Because it takes considerable time and skill to mix these so-called waste inks for a new job, the containers may sit undisturbed for months, until management decides to clear stockroom shelves and throws them out. Losses from waste inks that are simply discarded can add up to hundreds of thousands of Euros for a medium-sized printing operation. Sometimes printing companies will recoup some value from the waste inks, by mixing them together to create a dark gray-brownish color that can replace the black component for black-toned colors, especially in the yellow- reddish spectrum. The mixed ink isn’t as valuable as its constituent inks, but at least some money is recovered.
Creating a profitable re-mix
But there is another option for printers to recoup much of their investments in inks, thanks to advances in color management technology. Using a spectrophotometer and new software from X-Rite Inc. geared specifically for ink formulations, one company was able to halve its stock of leftover inks in only a few months by remixing inks to fit specific new jobs, said Andrej Repar, technical advisor central Europe for Sun Chemical, the world’s largest producer of printing inks and pigments.
Leftover inks are a fact of life in the printing industry, Repar said, especially for companies that use large flexo and gravure presses that need to fill pipes, the ink chamber and pump sumps before a job is run. All of these voids in the press normally remain filled with ink even as the last sheet is run on the job. Most jobs may take ten to 15 kg of one ink to fill the press, but that can add up to 80 to 120 kg in leftover inks after each job for an eight-color flexo press.
The flexo printing trade has adopted routine ways to use waste inks simply because so much loss is at stake, but offset printers are showing interest in the reuse of waste inks because they more frequently use spot colors, even through their equipment typically doesn’t require as much ink as flexo or gravure presses.
Matching colors to make savings
Most printers label a waste ink with a sample sheet of the last job and store the container with the hopes that the company will get job requiring a similar color soon. If they find a similar color to existing leftover, printers add basic colors to try to match the color for new job. But matching color by eye with leftover inks takes considerable time and skill, with a result that is still unpredictable in volume, Repar said. The amount of re-matched ink can exceed the needed volume for job, possibly generating a larger volume of leftover. Or, if the volume of mixed leftover color is not enough for whole job, it’s difficult to reproduce the recipe.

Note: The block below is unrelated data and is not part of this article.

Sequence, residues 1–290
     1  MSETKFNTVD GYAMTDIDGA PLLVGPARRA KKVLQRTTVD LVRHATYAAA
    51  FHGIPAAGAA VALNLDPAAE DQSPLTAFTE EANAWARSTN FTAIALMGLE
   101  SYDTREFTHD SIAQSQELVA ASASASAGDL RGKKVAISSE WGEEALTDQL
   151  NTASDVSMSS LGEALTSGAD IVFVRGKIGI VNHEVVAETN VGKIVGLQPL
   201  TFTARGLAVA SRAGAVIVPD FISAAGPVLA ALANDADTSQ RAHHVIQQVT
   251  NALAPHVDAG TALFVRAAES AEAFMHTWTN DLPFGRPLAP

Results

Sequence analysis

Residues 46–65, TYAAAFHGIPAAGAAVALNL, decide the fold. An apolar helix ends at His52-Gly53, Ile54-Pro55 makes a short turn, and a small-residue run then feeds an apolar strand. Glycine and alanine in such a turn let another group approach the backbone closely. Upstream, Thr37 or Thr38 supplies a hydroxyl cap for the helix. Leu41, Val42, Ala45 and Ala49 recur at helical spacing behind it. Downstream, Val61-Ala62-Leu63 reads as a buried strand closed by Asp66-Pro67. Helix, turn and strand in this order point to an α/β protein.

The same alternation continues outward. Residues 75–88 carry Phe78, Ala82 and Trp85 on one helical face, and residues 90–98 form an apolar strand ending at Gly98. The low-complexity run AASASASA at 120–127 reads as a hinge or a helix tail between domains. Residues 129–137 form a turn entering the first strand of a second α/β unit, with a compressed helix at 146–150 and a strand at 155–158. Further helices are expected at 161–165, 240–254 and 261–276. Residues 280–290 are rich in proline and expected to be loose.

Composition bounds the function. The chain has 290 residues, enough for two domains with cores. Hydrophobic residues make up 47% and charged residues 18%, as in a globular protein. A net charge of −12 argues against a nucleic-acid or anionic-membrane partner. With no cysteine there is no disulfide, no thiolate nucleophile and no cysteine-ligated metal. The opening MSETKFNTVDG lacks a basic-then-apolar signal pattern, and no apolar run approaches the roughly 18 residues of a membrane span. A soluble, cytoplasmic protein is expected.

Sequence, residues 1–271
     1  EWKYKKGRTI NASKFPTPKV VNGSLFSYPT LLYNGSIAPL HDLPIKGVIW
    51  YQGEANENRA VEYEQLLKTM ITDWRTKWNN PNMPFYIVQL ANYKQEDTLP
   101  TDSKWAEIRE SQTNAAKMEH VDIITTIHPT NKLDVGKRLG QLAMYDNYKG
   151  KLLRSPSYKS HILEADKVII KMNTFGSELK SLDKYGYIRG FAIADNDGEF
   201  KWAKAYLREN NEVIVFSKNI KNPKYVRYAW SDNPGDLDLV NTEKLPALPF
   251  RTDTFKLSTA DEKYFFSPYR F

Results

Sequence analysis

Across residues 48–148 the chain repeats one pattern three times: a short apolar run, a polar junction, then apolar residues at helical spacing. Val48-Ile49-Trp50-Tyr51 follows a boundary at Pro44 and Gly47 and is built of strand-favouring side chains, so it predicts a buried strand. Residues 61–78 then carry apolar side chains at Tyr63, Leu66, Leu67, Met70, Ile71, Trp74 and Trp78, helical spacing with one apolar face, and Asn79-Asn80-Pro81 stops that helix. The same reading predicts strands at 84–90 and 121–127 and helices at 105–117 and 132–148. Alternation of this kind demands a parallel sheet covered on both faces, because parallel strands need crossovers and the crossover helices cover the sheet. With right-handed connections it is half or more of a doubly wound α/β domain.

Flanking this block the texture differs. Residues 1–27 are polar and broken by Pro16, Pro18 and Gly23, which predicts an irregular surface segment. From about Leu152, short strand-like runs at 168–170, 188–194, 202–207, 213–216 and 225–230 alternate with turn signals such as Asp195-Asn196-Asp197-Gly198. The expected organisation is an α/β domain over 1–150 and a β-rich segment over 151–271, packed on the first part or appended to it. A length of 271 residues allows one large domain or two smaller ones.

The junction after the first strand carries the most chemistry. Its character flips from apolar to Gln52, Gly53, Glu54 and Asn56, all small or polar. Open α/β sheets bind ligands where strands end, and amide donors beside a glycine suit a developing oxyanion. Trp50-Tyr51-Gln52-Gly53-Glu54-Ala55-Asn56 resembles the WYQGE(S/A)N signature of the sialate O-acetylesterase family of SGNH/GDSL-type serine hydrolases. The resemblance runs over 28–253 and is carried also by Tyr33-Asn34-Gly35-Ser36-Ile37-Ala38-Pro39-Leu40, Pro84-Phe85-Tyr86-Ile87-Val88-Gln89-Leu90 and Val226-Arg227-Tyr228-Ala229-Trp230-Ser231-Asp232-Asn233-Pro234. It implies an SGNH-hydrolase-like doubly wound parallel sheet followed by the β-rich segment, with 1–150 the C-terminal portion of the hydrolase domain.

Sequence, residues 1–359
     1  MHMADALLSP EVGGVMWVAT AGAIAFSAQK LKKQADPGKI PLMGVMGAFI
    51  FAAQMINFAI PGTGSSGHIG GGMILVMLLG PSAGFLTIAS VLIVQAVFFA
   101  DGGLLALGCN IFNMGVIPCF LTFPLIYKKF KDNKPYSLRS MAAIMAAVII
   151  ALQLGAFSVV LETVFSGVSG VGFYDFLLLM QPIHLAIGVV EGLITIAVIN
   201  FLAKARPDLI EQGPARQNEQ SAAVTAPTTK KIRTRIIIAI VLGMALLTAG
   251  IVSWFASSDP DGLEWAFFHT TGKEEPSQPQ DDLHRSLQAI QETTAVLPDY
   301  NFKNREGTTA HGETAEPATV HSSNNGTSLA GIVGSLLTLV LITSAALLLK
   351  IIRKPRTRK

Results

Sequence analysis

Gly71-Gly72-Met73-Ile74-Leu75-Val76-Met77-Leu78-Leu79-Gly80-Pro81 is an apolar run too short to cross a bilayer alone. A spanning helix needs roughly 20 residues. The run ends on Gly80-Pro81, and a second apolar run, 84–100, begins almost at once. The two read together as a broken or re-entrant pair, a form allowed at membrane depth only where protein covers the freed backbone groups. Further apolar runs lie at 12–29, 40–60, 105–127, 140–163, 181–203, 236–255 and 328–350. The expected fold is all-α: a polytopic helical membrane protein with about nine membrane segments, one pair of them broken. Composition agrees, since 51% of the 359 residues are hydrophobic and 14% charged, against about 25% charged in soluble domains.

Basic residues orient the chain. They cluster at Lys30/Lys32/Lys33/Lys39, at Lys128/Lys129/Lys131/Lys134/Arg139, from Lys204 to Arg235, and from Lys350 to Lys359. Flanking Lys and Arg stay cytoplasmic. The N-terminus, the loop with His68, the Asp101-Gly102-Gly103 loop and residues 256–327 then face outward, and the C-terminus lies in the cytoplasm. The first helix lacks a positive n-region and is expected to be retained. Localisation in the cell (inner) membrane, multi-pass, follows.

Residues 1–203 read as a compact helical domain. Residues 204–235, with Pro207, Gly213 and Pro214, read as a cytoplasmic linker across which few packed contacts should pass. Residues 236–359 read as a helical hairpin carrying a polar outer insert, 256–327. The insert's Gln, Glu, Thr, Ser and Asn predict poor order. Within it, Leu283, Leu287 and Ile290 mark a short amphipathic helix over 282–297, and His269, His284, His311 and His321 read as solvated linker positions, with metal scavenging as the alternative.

InkFormulation’s recipe for success
Using the InkFormulation software from X-Rite Inc. and spectral data from leftover inks, a company can, in many cases, a create recipe of the target color that uses waste inks and new inks to achieve the desired color. "The economical impact of the InkFormulation software is significant," Repar said.
"It’s difficult to give a general estimate of savings because they are so dependent on print technology, consumption, and other factors. But it’s clear from what our customers tell us that the InkFormulation software reduces stock kept as leftovers and reduces press set-up time significantly."
Simple and user friendly for fast results
One of the highest hurdles to successfully implementing the use of waste inks is the company’s approach to color mixing and matching, Repar said. "Some managers believe that color mixing is simple, merely taking the spectral data and making up a recipe from instructions on a computer screen."
Even though the InkFormulation software is very user friendly and accurate, it still requires skill at mixing the inks properly. "Companies that put an experienced person who is familiar with computers in charge of an ink formulation program to save waste inks show a high degree of success in the shortest possible time."